--Tanner, Act II

In short, the way to avoid misunderstanding is for everybody to lie and slander and insinuate and pretend as hard as they can. That is what obeying your mother comes to.

--Tanner, Act II

You can be as romantic as you please about love ... but you mustn't be romantic about money.

--Violet, Act II

If we were reasoning, farsighted people, four fifths of us would go straight to the Guardians for relief, and knock the whole social system to pieces with most beneficial reconstructive results. The reason we do not do this is because we work like bees or ants, by instinct or habit, not reasoning about the matter at all. Therefore when a man comes along who can and does reason, and who, applying the Kantian test to his conduct, can truly say to us, If everybody did as I do, the world would be compelled to reform itself industrially, and abolish slavery and squalor, which exist only because everybody does as you do, let us honor that man and seriously consider the advisability of following his example.

--stage directions, Act III

Precisely the same qualities that make the educated gentleman an artist may make an uneducated manual laborer an ablebodied pauper. There are men who fall helplessly into the workhouse because they are good for nothing; but there are also men who are there because they are strongminded enough to disregard the social convention ... which bids a man live by heavy and badly paid drudgery when he has the alternative of walking into the workhouse, announcing himself as a destitute person, and legally compelling the Guardians to feed, clothe, and house him better than he could feed, clothe, and house himself without great exertion.

--stage directions, Act III

A movement which is confined to philosophers and honest men can never exercise any real political influence: there are too few of them. Until a movement shows itself capable of spreading among brigands, it can never hope for a political majority.

--Mendoza, Act III

Hell is the home of honor, duty, justice, and the rest of the seven deadly virtues. All the wickedness on earth is done in their name: where else but in hell should they have their reward?

--Don Juan, Act III

You may remember that on earth--though of course we never confessed it--the death of anyone we knew, even those we liked best, was always mingled with a certain satisfaction at being finally done with them.

--Don Juan, Act III

Written over the gate here are the words "Leave every hope behind, ye who enter." Only think what a relief that is! For what is hope? A form of moral responsibility. Here there is no hope, and consequently no duty, no work, nothing to be gained by praying, nothing to be lost by doing what you like. Hell, in short, is a place where you have nothing to do but amuse yourself.

--The Statue, Act III

Englishmen never will be slaves: they are free to do whatever the Government and public opinion allows them to do.

--The Devil, Act III

The earth is a nursery in which men and women play at being heroes and heroines, saints and sinners; but they are dragged down from their fool's paradise by their bodies: hunger and cold and thirst, age and decay and disease, death above all, make them slaves of reality: thrice a day meals must be eaten and digested: thrice a century a new generation must be engendered: ages of faith, of romance, and of science are all driven at last to have but one prayer "Make me a healthy animal."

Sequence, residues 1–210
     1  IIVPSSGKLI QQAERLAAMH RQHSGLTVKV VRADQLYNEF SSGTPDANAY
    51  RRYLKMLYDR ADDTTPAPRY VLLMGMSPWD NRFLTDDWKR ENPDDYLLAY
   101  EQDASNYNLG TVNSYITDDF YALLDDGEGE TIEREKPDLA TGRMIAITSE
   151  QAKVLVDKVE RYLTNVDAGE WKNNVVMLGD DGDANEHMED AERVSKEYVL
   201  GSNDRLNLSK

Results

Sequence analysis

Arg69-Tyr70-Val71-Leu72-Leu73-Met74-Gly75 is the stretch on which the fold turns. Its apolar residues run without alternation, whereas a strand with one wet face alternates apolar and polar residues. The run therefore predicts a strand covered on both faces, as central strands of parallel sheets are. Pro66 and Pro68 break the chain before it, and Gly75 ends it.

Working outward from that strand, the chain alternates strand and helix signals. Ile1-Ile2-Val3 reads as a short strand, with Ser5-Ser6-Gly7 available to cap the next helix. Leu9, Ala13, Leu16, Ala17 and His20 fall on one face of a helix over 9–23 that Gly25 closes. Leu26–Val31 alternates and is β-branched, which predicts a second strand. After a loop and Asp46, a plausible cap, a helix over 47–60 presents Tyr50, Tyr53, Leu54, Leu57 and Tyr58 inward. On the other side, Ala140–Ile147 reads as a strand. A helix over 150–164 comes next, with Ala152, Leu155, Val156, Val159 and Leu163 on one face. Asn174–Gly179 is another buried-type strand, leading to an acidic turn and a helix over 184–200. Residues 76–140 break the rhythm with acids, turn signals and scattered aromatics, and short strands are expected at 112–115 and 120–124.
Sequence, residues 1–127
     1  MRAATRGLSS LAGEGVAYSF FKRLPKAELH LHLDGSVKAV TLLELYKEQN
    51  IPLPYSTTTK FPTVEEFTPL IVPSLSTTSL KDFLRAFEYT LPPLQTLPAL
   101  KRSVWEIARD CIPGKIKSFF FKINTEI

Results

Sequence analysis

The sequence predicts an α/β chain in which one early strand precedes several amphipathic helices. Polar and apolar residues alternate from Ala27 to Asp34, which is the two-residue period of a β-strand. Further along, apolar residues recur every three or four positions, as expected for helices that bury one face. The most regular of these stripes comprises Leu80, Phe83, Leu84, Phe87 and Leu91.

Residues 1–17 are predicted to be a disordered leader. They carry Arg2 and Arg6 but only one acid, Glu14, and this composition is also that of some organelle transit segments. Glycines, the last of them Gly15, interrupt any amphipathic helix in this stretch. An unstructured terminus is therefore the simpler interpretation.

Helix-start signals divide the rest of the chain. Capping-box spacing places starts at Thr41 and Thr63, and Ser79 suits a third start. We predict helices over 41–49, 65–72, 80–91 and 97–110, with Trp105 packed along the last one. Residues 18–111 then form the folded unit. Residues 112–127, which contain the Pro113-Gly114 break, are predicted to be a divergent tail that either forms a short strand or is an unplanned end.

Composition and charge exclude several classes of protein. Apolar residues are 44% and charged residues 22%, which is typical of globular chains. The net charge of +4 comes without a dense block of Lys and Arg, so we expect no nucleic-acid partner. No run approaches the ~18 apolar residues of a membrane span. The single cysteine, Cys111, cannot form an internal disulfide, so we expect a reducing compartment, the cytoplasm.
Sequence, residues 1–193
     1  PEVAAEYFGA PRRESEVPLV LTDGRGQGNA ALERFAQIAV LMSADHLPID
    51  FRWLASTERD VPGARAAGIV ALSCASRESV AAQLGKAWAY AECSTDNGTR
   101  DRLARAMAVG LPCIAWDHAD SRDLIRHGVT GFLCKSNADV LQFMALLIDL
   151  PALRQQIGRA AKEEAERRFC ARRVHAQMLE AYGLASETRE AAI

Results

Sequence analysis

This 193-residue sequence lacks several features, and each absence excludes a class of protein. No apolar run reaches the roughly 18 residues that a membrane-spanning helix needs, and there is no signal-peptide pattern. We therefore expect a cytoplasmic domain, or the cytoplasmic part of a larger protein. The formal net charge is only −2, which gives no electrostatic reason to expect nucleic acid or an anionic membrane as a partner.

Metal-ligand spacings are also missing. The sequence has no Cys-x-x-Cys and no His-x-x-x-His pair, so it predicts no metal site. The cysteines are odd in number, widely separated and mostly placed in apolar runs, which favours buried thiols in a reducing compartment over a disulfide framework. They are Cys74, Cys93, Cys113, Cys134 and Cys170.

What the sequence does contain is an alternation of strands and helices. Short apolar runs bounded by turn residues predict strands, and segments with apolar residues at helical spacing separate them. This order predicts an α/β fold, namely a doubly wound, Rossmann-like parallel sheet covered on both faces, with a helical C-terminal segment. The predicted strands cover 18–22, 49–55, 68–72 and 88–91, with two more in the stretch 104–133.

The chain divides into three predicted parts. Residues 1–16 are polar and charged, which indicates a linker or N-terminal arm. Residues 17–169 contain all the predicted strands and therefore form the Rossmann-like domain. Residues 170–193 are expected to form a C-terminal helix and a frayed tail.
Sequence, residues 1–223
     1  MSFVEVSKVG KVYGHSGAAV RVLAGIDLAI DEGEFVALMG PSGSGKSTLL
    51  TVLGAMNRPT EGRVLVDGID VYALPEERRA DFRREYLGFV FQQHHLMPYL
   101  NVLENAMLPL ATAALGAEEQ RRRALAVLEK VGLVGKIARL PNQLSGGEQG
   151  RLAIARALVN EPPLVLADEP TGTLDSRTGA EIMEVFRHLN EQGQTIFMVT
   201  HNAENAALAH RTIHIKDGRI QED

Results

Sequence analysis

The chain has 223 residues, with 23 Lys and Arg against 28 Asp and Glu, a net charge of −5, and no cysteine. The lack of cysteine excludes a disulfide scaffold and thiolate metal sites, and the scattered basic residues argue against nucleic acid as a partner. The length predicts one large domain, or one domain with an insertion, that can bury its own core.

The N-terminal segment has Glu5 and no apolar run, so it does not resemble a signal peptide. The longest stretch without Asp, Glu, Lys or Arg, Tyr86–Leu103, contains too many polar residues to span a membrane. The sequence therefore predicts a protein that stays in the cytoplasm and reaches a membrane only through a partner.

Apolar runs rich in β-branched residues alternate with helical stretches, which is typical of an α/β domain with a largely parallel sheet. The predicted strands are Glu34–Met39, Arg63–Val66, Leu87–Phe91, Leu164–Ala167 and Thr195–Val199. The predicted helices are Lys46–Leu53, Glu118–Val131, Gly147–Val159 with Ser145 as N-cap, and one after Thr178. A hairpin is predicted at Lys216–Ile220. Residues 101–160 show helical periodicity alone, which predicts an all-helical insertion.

--Don Juan, Act III

A picture gallery is a dull place for a blind man.

--Don Juan, Act III

Is Man any the less destroying himself for all this boasted brain of his? Have you walked up and down upon the earth lately? I have; and I have examined Man's wonderful inventions. And I tell you that in the arts of life man invents nothing; but in the arts of death he outdoes Nature herself, and produces by chemistry and machinery all the slaughter of plague, pestilence and famine. The peasant I tempt to-day eats and drinks what was eaten and drunk by the peasants of ten thousand years ago; and the house he lives in has not altered as much in a thousand centuries as the fashion of a lady's bonnet in a score of weeks. But when he goes out to slay, he carries a marvel of mechanism that lets loose at the touch of his finger all the hidden molecular energies, and leaves the javelin, the arrow, the blowpipe of his fathers far behind.

--The Devil, Act III

In the arts of peace Man is a bungler.... There is nothing in Man's industrial machinery but his greed and sloth: his heart is in his weapons.

--The Devil, Act III

Man measures his strength by his destructiveness.

--The Devil, Act III

Man, the inventor of the rack, the stake, the gallows, and the electrocutor; of the sword and gun; above all, of justice, duty, patriotism and all the other isms by which even those who are clever enough to be humanely disposed are persuaded to become the most destructive of all the destroyers.

--The Devil, Act III

Man ... is dangerous as a fanatic. He can only be enslaved whilst he is spiritually weak enough to listen to reason.

--Don Juan, Act III

The confusion of marriage with morality has done more to destroy the conscience of the human race than any other single error.

--Don Juan, Act III